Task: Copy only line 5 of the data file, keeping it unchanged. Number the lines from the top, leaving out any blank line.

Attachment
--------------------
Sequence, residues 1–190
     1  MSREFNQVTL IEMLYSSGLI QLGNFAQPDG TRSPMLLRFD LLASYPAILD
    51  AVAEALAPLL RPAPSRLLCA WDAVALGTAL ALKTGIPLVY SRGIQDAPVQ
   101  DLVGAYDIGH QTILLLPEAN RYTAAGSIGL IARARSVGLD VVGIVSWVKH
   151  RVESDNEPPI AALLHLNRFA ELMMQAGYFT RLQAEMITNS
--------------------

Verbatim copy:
   151  RVESDNEPPI AALLHLNRFA ELMMQAGYFT RLQAEMITNS